The watchdog agency in charge of monitoring the progress of operations in Afghanistan does not have access to key data. In a report issued late last month, the Special Inspector General for Afghanistan Reconstruction (SIGAR) stated that NATO Resolute Support (RS) has “restricted public release of the number of enemy-initiated attacks that took place this first quarter” for the first time since the agency began using it two years ago. The data has provided SIGAR with a method to track the levels of violence inflicted by Taliban fighters, as well as where such attacks took place.
“This … data was one of the last remaining metrics SIGAR was able to use to report publicly on the security situation in Afghanistan since RS discontinued its previous system of assessing district control in 2018,” John F. Sopko, the agency’s chief, stated.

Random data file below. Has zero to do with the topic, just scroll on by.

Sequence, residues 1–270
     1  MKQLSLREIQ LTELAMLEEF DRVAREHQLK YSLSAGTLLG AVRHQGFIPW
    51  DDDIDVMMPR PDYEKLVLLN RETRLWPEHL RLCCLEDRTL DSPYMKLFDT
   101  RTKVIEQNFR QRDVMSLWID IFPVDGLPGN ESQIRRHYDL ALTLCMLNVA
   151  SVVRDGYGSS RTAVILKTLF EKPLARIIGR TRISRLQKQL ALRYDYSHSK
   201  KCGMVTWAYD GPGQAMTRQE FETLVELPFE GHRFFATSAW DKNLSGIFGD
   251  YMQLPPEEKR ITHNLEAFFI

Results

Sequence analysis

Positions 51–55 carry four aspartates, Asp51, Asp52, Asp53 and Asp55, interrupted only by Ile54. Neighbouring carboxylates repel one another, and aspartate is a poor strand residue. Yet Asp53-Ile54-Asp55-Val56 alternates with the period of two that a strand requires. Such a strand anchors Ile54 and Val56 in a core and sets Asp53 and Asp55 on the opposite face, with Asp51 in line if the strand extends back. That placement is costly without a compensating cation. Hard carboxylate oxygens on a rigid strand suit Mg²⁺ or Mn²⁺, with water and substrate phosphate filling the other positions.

NATO RS justified the decision to restrict the information because it has come into play during negotiations between the U.S. and the Taliban, Sopko stated. The possibility that NATO RS may release the data again someday exists, he stated, “once the deliberative process ends.”
The report noted that even though the U.S. and Taliban signed a peace agreement in February, there was a spike in Taliban violence. The agreement called for a withdrawal of U.S. and coalition forces within 14 months, in exchange for a Taliban promise to bar enemies from using Afghan soil to threaten the security of the U.S. and its allies. It also called for beginning a negotiation process between the Afghan government and the Taliban.
The report also noted that like every other corner of the globe, Afghanistan has been “hit hard” by the COVID-19 (novel coronavirus) pandemic.
“Although the number of reported Afghan cases is still low, experts are predicting a significant health risk in the coming months – a crisis likely to be exacerbated by rising food prices,” the report stated.